In general, child support cases are heard in New York Family Court. The New York City Bar Association says that in child support matters, a judge and a lawyer for one or both parents will be present in court. Sometimes, a hearing examiner, in lieu of a judge, will hear a case and render a decision. In matters where there are children whose families are on public assistance, the case is heard in a Manhattan Family Court. As soon as all of the evidence is heard by a judge or a hearing examiner and calculations have been made, a decision as to who pays child support, who receives the support payment and how much will be paid is handed down. A child support matter that comes in the wake of a divorce might be heard in Supreme Court.
Which parent is Obligated to Pay Child Support?
Some people are of the false belief that neglecting to maintain contact with their child alleviates the obligation to pay child support. That is far from the truth. Even when a parent never speaks to or sees their children, financial support of the children remains their obligation. The custodial parent is within their rights to file a motion for child support with the assistance of a child support lawyer. According to the New York State DCSE, parents who are unemployed, behind bars and or disabled are still required to pay support. In scenarios where the absent parent is incarcerated or they can prove a minimal income, the support payment will be adjusted to a state minimum standard. In some cases, the custodial parent will be asked to demonstrate that the absent parent is indeed the biological parent of the children in question. The absent parent can also ask for such proof.
New York Child Support Guidelines
Until relatively recently, the standard by which child support was calculated varied widely. The process was finally consolidated and standardized by the Family Support Act of 1988. The federal government passed this act to establish a more concise and uniform system for child custody proceedings. There are three methods for calculating the amount of child support to be paid.
A fixed amount is given to the other parent for child support from the non-custodial parent based on their calculated income. Numerous states employ this method for their child support matters.
In some situation, the judge takes the income from both parents into account in determining how much of their income should go towards the maintenance of their children. That number is split evenly between the parents. The non-custodial parent pays half of the decided amount. This model functions on the premise of the standard that a child should receive the same proportion of parental income that they would have gotten if the parents had remained together. The guidelines account for both parents’ incomes in this calculation and the percentages remains the same regardless of each parent’s level of income.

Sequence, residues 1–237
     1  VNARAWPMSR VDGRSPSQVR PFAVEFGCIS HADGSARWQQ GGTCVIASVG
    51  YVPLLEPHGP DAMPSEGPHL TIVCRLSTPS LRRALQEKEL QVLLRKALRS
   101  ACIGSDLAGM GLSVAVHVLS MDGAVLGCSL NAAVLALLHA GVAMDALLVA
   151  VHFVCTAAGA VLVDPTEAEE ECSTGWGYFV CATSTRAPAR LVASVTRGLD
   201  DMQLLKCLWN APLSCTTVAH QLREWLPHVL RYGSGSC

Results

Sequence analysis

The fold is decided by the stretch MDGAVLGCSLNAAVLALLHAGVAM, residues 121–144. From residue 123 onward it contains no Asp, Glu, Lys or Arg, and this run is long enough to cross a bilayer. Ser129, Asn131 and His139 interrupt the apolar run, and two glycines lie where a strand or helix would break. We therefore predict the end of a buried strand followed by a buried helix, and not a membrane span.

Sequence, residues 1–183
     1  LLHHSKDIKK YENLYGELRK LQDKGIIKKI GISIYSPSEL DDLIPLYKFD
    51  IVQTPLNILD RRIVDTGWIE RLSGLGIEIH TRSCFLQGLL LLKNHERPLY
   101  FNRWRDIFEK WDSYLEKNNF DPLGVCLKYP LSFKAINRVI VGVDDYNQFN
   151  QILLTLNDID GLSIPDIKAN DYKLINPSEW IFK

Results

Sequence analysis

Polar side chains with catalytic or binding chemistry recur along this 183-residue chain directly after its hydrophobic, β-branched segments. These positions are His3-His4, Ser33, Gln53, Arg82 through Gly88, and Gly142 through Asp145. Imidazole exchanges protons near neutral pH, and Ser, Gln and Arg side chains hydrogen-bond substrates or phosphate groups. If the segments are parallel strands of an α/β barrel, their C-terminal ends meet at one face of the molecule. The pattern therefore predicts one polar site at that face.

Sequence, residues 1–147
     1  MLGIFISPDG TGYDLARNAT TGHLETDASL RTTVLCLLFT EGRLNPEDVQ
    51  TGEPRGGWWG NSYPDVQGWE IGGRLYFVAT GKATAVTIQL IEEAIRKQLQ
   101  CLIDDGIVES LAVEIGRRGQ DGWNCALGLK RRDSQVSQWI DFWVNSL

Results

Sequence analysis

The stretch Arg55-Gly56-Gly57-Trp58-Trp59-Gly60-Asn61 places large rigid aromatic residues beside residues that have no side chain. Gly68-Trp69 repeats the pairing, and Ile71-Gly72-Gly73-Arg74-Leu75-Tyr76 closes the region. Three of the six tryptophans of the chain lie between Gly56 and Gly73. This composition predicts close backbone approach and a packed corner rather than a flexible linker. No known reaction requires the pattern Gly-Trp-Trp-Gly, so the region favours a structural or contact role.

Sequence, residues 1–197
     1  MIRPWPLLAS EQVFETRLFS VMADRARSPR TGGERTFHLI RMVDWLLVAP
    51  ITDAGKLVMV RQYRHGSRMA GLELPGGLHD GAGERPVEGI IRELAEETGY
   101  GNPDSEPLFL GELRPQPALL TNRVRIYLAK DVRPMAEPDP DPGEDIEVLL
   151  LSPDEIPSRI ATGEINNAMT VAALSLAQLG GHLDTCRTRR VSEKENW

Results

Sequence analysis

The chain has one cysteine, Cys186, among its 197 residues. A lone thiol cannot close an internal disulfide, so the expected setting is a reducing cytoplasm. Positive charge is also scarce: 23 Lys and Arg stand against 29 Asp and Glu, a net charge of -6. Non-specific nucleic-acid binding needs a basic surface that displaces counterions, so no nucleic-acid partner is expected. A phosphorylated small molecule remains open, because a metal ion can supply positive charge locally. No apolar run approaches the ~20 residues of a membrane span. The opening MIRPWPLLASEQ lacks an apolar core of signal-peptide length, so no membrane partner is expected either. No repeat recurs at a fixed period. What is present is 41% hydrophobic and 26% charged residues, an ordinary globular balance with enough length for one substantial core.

The Melson Formula adds a layer to the income shares method. Both of the parents pay equally, but this also factors in cost of living increases over the years. Then, the formula calculates the total remaining combined parental income, and the noncustodial parent’s percentage, and applies the latter to a standard.
Child Support Payments based on Percentage of Income
NY Child Support guidelines consist of fixed percentages of gross income. They only vary on the basis of the number of children to be supported:
Even with the methods for calculating child support payments, other variables can come into play. Sometimes the custodial parent makes more money than the non-custodial parent, for example. The following considerations come to light in a child support case:
Child Support Requirements for Step-Parents
Should the absent parent be a step-parent, support would only be ordered if the amount in the order would go towards preventing the child from getting any public assistance. From the moment a divorce is final, the step-parent generally has no financial responsibility for their step-child. Either parent has the right to enter an Order of Filiation. This order establishes the legal, biological relationship between parent and child. Indeed, there are some scenarios where one person’s name is listed on the birth certificate but another person is the actual, biological parent. If the father of a child signed an Acknowledgment of Paternity at the time the child was born, then such an order unnecessary. Even in scenarios where the parent signed the birth certificate, no legal claim exists unless the acknowledgment is signed or the order proves that the child is truly the biological offspring of the absent parent. Should that parent, which in most cases is the father, object to the results of the order, a DNA test is typically ordered to prove paternity.
When Your Case is Over
When all of the paperwork is completed and a designated amount of child support has been determined, a review is conducted to determine how the custodial parent wants to receive the payments and when the payments will be made. In general, payments are ordered to be made in such a way that they follow the pay schedule of the absent payor. Custodial parents who have a child on public assistance is usually ordered to sign over rights to get child support in order to get the public assistance.
A well-informed New York child support attorney by your side from start to finish with your case against the other parent is just what you need. After the ordeal of a divorce, child support matters an be a smooth process or they can be as contentious as the divorce itself might have been. Prepare yourself by retaining an experienced attorney who knows New York family law.
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